Then there’s wannabe green-energy billionaire and Obama supporter Al Gore. Not only did Gore’s climate campaign group place full-page ads in national newspapers on Nov. 5 asking “NOW WHAT?,” in a same-day Wall Street Journal op-ed, Gore argued for carbon-free electricity within 10 years and electrification of the automobile fleet. Both are areas in which Gore has significant financial interests through his UK-based investment firm, Generation Investment Management, and his U.S.-based venture capital firm, Kleiner Perkins.
The Greens are more to Obama than just one of many constituencies. He credits the early endorsement of his candidacy by the Sierra Club and League of Conservation Voters (LCV) in February 2004 for his rise from the Illinois State Senate to the U.S. Senate. “I had no money, had no organization, it was unlikely that the Democrats would nominate a skinny guy from the Southside with a funny name like Barack Obama,” he told the National Journal’s CongressDaily publication.
Momentum began to shift his way “when we got the support of the League of Conservation Voters,” he said. “Not only did they provide us financial support, not only was [LCV head] Deb Callahan’s gorgeous face on television saying I was a pretty good guy—and that sold some tickets right there—more importantly the League, along with the Sierra Club and other environmental organizations, signaled to those who are considered swing voters in the state of Illinois, Republicans and independents who may sometimes veer toward that side of the aisle.” Obama was the first non-incumbent member of Congress to be included on the LCV’s list of “environmental champions.”
The LCV said it made an early decision to invest heavily in Obama’s race, “largely because of his support for environmental issues during his tenure in the state Senate.”
“Early on, we recognized Barack’s leadership on these issues, and made a substantial investment in helping him win the Democratic primary,” Callahan said. Not surprisingly both the LCV and Sierra Club endorsed Obama in 2008. The Obama web site emphasized that “The League of Conservation Voters has given Barack Obama the highest lifetime rating of anyone currently running for president.”
When a reporter asked Sierra Club head Carl Pope whether expectations for Obama have been set too high, Pope responded: “We are not electing the archbishop of Canterbury or a saint. We’re electing an American politician. Is he susceptible to pressure? He damn well should be.…We’re not going to go away when he’s elected. We and other forces that are supporting him are going to stay organized. And as he told the environmental community when he met with us, we’re going to have to keep his feet to the fire.”
It’s little wonder, then, that the Sierra Club program director for global warming told the media after this week’s election that a federal renewable energy mandate—that is, compulsory use of expensive and unreliable, but Green-supported, wind and solar power—“is almost a certainty.”
Obama has selected (or perhaps had thrust upon him) former Gore staffer and Clinton administration EPA head Carol Browner to advise on the environmental aspects of the transition. Browner was perhaps the most ruthlessly green EPA administrator ever. In 1997, she issued the most expensive EPA air pollution regulations ever—even over the objections of Gore. Now that’s green.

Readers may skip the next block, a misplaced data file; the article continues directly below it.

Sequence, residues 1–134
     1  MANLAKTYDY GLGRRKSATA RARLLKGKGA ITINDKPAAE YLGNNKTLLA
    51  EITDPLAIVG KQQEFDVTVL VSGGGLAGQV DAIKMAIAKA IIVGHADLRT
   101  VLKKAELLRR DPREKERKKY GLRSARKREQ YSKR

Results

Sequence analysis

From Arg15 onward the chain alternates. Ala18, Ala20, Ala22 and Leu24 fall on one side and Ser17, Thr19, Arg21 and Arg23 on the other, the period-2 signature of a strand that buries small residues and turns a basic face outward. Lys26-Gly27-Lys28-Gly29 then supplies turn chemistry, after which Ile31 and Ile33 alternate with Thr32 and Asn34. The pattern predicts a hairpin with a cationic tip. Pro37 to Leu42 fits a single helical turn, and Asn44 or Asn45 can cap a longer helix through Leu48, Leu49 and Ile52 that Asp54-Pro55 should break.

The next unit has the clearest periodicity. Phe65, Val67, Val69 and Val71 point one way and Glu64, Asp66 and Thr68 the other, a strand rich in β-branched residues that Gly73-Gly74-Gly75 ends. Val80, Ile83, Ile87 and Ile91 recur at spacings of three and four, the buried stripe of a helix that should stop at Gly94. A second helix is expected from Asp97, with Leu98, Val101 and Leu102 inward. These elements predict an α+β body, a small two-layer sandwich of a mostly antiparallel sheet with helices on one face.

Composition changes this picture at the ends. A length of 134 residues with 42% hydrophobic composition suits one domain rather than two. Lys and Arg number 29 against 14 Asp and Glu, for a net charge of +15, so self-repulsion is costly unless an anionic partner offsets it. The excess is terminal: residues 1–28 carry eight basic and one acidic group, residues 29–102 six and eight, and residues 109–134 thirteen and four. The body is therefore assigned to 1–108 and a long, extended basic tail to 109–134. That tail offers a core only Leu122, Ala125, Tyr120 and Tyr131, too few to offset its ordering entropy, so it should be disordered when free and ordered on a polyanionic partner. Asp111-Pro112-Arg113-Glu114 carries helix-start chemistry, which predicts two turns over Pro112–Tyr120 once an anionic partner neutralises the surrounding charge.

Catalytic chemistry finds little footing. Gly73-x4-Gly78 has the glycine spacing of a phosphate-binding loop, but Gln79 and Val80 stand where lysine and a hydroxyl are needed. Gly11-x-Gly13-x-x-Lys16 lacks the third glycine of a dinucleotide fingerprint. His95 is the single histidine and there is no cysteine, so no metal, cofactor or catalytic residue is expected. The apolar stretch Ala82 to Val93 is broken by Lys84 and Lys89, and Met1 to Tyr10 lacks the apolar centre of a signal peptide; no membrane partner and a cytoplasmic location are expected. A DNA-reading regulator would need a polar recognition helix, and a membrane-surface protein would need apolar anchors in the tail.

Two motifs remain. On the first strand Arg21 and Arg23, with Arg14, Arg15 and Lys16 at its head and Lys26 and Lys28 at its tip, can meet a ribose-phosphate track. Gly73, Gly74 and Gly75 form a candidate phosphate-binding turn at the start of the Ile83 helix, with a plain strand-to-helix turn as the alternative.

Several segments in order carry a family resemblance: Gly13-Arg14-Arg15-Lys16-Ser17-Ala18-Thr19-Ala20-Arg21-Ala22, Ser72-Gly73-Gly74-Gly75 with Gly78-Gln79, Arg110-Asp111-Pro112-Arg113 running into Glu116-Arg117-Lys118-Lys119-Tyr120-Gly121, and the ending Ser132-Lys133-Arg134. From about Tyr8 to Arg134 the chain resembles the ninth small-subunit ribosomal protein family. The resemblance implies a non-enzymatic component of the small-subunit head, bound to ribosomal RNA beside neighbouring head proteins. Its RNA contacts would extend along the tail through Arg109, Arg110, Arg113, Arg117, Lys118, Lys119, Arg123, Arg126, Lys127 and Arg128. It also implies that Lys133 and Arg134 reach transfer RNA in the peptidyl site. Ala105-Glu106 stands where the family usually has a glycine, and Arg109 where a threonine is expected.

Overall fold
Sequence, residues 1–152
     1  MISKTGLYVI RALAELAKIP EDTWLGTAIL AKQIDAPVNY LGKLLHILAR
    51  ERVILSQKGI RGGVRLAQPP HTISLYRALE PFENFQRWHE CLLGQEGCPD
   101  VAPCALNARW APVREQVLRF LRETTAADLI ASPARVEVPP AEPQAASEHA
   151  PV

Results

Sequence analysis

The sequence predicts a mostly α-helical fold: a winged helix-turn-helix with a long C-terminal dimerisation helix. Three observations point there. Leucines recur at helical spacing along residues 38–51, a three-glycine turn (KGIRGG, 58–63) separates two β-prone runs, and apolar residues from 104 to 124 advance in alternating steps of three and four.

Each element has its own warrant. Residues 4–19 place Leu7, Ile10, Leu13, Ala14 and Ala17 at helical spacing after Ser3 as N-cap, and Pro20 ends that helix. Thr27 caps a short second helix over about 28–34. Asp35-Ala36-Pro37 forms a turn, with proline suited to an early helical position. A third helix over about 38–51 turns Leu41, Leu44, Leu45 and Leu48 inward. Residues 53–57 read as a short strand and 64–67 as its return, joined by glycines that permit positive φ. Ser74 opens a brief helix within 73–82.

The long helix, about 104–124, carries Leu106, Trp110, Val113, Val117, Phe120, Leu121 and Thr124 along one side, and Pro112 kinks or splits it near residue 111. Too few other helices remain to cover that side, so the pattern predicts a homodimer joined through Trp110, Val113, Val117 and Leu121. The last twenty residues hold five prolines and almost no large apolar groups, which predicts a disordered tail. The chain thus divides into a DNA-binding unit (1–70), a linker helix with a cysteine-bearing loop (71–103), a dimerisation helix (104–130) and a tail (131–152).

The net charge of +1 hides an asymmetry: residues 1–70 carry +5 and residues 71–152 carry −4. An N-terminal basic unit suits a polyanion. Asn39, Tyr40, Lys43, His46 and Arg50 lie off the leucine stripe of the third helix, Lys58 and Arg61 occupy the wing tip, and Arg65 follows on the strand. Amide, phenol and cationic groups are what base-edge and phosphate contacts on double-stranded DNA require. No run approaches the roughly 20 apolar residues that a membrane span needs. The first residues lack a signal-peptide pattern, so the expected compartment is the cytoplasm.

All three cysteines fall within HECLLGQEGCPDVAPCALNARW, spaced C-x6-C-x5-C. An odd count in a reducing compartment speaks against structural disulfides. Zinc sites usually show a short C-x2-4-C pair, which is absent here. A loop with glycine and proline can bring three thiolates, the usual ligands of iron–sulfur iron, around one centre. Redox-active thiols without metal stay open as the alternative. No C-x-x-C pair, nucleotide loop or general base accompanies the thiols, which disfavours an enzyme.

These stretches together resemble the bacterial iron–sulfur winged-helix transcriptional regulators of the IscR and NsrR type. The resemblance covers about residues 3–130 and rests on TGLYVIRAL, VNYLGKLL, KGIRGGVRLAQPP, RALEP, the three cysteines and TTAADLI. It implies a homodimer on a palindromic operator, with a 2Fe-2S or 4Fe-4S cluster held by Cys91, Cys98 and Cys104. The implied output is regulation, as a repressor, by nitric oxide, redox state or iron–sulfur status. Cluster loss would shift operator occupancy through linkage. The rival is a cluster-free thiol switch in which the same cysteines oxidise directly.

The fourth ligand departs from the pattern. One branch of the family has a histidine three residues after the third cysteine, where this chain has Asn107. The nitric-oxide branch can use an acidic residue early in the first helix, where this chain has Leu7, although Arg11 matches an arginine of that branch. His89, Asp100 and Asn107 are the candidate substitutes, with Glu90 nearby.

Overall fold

Finally, Rep. Henry Waxman (D-Hollywood) is moving to oust closet global warming skeptic Rep. John Dingell (D-General Motors) from the chairmanship of the powerful House Energy and Commerce Committee, so that Waxman can play a lead role in climate and other green legislation.
Exit polling indicates that Obama triumphed over John McCain because of the economic crisis. Though he wasn’t elected to be the first green president, the Greens are set to call in their chits and, if necessary, to force that mantle on him.(Read more)
Seventy-six American Nobel laureates in science endorsed Barack Obama this week. Despite their scientific successes, their political analysis just doesn’t make the grade.
Featuring signatories such as James Watson—the co-discoverer of the structure of DNA who shocked the world in 2007 with his assertion that blacks were not as intelligent as whites—the Nobelists praised Obama in an Oct. 28 letter as a “visionary leader who can ensure the future of our traditional strengths in science and technology and who can harness those strengths to address many of our greatest problems: energy, disease, climate change, security, and economic competitiveness.”
Although the election is between Obama and John McCain, the letter first criticized President Bush for “stagnant or declining federal support” of science and politicizing the scientific advisory process.
But in 2007, Bush asked Congress to double the funding for AIDS programs from $3 billion per year to $6 billion per year. During the Bush administration, the budget for the National Institutes of Health increased by 38 percent from $17.1 billion to $23.7 billion. Bush increased funding for climate change research by 15 percent from $1.75 billion to $2.02 billion. The National Science Foundation budget went from $4.4 billion in 2001 to $6.0 billion budget in 2008. The budget for the National Institute of Standards and Technology increased by 34 percent from 2002 to 2008 ($692 million to $931).